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We Are What We Love: An Interview With Laverne Cox

The Orange is the New Black star and all-around superwoman on being yourself.

Collage by Minna, using a photo by George Pimentel/Sandy Caetano, WireImage/Getty for TIFF.

Collage by Minna, using a photo by George Pimentel/Sandy Caetano, WireImage/Getty for TIFF.

Laverne Cox has got it going on, in the sense that she’s really rad and really, really busy. She’s currently filming the third season of Orange Is the New Black while also finishing up her memoir (out in 2015), and co-producing the documentary FREE CeCe. The movie tells the story of CeCe McDonald, a trans woman of color who was sentenced to 41 months in a Minnesota men’s prison for defending herself against a life-threatening hate crime in 2012 and freed earlier this year.

In June, Cox became the first transgender woman ever to grace the cover of Time magazine, which anointed her “the public face for the transgender movement.” Last week, she made history yet again when she became the first transgender artist to be nominated for an Emmy. As I found out when I met her at the TIFF Bell Lightbox in Toronto, Cox doesn’t think of herself as a role model. She’s just fighting the good fight, working hard (and looking good doing it), and hoping the patriarchy catches up.

KELLI KORDUCKI: You’re very vocal about the need to challenge the patriarchy and binary ideas of gender. What strategies have you found effective in that fight?

LAVERNE COX: It’s about what we teach our children, what we internalize, and how we challenge those things in our daily lives. For folks who might be in some sort of patriarchially privileged space, it’s about being critical of that and interrogating it and not just blindly embracing that privilege. For people who are not, it’s about being critical of and pushing back against patriarchy in our lives in a personal sense. It’s always about changing people’s hearts and minds—and then we need to look at public policy.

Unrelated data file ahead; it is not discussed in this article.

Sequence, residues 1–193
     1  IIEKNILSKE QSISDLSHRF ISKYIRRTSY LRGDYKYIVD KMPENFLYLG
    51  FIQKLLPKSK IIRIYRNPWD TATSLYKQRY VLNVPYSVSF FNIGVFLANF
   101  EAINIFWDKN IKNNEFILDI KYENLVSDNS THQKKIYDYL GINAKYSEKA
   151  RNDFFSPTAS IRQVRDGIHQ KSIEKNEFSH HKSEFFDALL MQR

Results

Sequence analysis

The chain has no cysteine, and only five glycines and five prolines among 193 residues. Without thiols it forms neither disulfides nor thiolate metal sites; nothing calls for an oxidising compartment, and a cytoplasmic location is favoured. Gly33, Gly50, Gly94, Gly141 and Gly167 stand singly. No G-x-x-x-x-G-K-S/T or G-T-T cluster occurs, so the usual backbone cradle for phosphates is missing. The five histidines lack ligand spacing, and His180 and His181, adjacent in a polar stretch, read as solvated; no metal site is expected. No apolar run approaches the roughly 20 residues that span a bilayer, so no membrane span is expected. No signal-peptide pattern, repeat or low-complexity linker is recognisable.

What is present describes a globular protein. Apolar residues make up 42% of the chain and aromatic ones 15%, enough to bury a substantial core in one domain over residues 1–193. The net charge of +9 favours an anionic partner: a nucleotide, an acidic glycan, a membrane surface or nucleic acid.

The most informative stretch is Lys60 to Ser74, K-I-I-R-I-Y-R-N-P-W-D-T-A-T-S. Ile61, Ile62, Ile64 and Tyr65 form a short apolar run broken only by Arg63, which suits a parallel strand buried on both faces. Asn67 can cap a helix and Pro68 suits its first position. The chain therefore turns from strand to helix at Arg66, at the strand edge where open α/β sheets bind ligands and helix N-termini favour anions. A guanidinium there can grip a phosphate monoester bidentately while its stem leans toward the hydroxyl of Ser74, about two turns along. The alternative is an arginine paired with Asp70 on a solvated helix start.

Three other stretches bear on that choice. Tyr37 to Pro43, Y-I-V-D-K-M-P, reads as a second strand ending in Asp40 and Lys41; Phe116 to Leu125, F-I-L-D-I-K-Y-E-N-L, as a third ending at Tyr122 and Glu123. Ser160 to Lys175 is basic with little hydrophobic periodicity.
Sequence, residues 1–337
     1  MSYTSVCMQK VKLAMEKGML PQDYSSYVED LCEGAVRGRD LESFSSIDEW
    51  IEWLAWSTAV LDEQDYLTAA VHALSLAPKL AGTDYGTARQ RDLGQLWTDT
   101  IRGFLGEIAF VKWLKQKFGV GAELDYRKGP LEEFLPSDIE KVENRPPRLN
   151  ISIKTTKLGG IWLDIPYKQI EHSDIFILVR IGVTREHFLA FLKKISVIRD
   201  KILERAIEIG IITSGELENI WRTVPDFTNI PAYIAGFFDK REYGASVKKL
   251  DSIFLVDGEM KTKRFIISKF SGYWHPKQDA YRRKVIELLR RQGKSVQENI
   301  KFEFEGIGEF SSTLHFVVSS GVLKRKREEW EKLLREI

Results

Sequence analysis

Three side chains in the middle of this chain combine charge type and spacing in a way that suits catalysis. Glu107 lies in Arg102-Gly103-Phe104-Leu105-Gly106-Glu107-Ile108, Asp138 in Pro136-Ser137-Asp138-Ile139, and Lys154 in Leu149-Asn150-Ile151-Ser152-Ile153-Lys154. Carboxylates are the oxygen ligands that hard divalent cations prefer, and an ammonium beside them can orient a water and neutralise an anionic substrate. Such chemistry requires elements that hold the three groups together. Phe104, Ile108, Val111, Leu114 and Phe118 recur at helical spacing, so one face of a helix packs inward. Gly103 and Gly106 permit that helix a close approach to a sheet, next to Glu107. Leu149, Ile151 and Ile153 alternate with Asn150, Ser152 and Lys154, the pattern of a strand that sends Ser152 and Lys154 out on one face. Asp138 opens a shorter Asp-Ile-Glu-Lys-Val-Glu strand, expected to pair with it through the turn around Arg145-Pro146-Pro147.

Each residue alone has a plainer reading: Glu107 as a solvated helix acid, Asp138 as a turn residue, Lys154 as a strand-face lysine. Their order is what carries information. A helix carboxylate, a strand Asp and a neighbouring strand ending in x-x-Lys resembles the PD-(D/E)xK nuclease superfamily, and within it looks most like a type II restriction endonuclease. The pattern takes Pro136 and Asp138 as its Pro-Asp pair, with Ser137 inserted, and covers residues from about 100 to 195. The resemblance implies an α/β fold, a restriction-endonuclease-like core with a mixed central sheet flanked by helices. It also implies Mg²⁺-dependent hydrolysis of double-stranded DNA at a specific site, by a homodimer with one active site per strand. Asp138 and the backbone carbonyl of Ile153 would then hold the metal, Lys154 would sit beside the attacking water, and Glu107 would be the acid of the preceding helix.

What drew you to CeCe’s story and this project?

I say it in the trailer for the film that I could’ve very easily been CeCe. There have been many times that I’ve been walking down the street in New York City and gotten catcalled when people realized I was trans. I was kicked on the street once. I’ve been called a man. I’ve been called a “he-she.” I’ve been called everything but a child of God, actually. It’s been a part of my life. So whenever I hear of a trans person experiencing violence, it’s very close to me. It’s palpable, and it’s real. What was also deep to me, when I read about CeCe’s story, was how everyone talked about what a light she was to people around her. She was kind of a mother figure for a lot of trans youth in Minneapolis. Meeting her, I was like, I get it. She’s this remarkable young woman who refuses to be a victim. I got goosebumps just thinking about that. I love her.

She’s quite young, too. What advice would you give to trans or genderqueer kids who are trying to present their true selves to the world?

Define yourself in your own terms. In terms of gender, race, anything. We are not what other people say we are. We are who we know ourselves to be, and we are what we love. That’s OK. You’re not alone in who you are. There are people out there who will love and support you. It’s about doing the work and believing and finding those people—if they’re not in your local community, there’s somebody online that you can talk to for support.

How are you balancing being an artist with being an activist?